- Commercial mortgage or rent payments:This will likely be the biggest cost involved in finding a business premises, and will be informed by the size of the property, its function, and its geographical location.
- Utilities:While business energy and business water costs can vary greatly depending on the industry, getting an idea of a tenant’s previous bills can give you an idea of how expensive a building will be to run. You will also need to remember connectivity costs, such as business broadband.
- Business rates:Whether you are leasing your commercial property or buying it, you will likely need to pay an annual business rates bill. This will be calculated by multiplying the rateable value of your property by the multiplier, as set out by your national government.
- Business insurance:If getting a new business location requires increased interaction with the public, or hiring staff for the first time, then you may need to budget for a jump in your business insurance costs.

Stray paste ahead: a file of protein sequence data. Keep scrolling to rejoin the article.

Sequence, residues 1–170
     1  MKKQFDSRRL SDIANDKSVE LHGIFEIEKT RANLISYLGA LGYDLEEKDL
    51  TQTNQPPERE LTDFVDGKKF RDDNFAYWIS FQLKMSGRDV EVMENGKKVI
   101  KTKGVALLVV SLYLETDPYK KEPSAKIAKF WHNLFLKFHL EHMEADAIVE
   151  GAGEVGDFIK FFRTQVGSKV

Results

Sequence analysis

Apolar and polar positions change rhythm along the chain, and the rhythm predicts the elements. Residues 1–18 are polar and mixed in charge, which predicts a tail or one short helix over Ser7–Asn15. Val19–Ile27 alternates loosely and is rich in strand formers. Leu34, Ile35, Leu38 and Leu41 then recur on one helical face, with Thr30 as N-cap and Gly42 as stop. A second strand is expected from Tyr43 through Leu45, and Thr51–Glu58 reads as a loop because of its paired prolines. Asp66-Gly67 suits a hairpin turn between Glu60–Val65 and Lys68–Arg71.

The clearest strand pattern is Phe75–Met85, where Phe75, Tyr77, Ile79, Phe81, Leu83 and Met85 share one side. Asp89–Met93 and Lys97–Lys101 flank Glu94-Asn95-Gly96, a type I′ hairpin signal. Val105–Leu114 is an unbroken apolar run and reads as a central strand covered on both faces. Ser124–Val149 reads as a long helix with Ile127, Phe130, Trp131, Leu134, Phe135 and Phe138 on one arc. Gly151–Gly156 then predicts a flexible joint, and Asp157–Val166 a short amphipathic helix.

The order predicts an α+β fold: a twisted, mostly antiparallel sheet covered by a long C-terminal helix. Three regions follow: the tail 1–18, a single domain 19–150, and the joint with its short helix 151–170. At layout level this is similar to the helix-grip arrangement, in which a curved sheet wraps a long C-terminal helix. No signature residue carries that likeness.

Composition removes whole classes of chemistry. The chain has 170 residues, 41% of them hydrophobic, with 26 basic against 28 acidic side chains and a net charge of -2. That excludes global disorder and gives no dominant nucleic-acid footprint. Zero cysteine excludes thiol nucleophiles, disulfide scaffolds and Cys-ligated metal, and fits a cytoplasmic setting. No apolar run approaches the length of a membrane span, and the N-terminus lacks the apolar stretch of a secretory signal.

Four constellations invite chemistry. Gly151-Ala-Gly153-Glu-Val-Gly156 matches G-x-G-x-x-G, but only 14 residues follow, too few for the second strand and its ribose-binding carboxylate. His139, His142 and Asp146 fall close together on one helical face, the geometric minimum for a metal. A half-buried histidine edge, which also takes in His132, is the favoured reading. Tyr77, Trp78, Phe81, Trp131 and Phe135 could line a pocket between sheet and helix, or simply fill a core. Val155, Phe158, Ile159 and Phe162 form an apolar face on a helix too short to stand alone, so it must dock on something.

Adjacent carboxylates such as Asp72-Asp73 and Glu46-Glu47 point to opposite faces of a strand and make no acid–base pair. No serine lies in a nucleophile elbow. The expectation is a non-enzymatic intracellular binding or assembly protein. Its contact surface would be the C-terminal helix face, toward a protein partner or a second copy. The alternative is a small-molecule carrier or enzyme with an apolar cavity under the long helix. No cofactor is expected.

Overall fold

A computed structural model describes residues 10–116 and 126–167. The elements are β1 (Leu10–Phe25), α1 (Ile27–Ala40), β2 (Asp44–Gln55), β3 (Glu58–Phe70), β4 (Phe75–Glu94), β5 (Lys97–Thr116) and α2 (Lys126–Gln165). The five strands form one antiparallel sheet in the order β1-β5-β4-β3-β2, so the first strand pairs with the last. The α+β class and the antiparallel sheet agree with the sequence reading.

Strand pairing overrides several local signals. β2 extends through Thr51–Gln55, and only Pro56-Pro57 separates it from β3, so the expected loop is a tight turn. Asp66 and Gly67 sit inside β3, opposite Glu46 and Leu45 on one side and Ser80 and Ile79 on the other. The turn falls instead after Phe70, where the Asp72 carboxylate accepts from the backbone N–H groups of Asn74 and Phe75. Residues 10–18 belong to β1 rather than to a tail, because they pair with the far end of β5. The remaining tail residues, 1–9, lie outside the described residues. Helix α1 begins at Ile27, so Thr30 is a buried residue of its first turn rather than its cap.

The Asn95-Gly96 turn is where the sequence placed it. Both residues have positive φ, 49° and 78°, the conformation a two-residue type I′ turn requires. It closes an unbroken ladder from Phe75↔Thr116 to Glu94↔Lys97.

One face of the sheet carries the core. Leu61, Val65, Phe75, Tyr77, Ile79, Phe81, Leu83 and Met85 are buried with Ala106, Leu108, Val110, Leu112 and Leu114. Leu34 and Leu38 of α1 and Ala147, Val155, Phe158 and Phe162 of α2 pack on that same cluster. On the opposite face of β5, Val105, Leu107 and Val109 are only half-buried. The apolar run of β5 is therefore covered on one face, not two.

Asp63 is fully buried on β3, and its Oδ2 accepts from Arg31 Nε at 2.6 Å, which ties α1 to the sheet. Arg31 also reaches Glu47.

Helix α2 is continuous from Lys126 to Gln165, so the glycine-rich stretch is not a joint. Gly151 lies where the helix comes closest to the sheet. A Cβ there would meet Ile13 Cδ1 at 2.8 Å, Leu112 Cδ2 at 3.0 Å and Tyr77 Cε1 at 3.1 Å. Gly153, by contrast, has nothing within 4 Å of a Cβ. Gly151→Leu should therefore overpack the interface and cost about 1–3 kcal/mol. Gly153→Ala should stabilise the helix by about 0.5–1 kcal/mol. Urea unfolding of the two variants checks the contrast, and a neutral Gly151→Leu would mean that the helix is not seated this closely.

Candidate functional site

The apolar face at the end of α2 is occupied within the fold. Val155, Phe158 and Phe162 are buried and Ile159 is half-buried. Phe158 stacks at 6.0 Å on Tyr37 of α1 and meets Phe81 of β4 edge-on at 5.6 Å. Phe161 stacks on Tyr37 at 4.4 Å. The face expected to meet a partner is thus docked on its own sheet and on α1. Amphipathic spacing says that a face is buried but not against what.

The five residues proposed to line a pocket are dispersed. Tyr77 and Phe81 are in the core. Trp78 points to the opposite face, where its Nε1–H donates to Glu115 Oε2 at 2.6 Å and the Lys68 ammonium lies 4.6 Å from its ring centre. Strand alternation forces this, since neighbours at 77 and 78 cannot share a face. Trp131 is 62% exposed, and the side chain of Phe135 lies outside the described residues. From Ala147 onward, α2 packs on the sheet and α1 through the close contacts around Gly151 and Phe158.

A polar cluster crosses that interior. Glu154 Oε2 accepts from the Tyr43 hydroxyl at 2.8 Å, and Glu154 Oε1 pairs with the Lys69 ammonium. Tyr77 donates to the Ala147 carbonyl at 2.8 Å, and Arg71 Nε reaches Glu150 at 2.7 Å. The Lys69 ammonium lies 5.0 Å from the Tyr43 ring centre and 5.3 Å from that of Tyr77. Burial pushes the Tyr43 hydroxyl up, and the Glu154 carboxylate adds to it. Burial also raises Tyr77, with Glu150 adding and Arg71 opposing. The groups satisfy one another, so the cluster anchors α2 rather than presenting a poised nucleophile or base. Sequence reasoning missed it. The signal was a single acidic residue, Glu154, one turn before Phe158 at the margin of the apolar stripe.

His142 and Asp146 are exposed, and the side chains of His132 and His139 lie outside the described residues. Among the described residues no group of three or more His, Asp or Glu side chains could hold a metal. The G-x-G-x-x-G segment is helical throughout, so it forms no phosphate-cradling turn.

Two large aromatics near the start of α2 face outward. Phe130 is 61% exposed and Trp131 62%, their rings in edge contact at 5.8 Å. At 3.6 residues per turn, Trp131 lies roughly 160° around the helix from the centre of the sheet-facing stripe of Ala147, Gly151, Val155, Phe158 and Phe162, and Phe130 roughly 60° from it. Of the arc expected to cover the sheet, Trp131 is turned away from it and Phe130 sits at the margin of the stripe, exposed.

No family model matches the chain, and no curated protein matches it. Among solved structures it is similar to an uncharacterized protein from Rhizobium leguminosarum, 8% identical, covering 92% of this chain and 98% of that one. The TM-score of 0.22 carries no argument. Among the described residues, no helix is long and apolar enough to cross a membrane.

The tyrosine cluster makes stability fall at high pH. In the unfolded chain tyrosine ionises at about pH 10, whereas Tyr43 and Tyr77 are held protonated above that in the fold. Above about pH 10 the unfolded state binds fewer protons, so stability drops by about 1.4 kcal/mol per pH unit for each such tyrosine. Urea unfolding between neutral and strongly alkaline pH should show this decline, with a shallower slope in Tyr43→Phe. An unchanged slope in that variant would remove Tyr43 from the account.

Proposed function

- Hiring:If you are looking to hire, your business location can play a big role in determining salary. This is because the cost of hiring someone in the UK is higher in certain areas, such as London, than others.
- Renovation: Your chosen business premises may require building work, such as refitting or redecorating the space, so it better suits your needs.
4. What business location will best suit your customer base?
When it comes to picking a location, what is good for your customers and clients is likely to be good for your business.
Of course, the needs of a high street shopper vary wildly from a client visiting your accountancy office. However, keeping your target demographics at the forefront of your mind will help you choose the right business location.
Make sure you consider:
- Accessibility:How easy is it for customers and clients to get to your business location? Are there good public transport links or parking for anyone arriving by car? Similarly, how easy is it for clients to get into your premises?